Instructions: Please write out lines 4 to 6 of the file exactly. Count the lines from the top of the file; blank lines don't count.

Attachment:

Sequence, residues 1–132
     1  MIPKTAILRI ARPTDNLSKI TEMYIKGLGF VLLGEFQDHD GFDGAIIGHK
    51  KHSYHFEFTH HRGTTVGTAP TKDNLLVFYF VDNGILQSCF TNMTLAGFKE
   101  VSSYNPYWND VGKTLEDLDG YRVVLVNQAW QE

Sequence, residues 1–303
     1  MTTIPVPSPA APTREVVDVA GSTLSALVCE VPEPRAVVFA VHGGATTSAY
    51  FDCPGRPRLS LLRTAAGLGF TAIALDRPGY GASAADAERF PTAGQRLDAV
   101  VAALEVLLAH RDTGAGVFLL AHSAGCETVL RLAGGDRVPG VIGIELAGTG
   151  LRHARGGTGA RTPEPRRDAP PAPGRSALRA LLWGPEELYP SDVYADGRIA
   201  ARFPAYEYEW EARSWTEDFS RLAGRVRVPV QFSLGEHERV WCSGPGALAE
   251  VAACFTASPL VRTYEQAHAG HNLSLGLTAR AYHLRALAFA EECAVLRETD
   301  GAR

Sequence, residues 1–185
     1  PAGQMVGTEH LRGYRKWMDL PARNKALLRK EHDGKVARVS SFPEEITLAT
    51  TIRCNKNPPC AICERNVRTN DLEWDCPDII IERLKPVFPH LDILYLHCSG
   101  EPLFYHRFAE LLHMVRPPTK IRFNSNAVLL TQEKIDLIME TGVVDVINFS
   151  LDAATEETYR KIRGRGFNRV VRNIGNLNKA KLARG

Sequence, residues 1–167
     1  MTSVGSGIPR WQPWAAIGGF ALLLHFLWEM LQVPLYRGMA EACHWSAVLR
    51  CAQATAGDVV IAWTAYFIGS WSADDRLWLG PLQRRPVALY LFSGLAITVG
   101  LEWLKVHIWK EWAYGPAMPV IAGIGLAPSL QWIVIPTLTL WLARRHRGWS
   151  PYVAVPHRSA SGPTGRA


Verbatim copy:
   101  VSSYNPYWND VGKTLEDLDG YRVVLVNQAW QE

Sequence, residues 1–303
     1  MTTIPVPSPA APTREVVDVA GSTLSALVCE VPEPRAVVFA VHGGATTSAY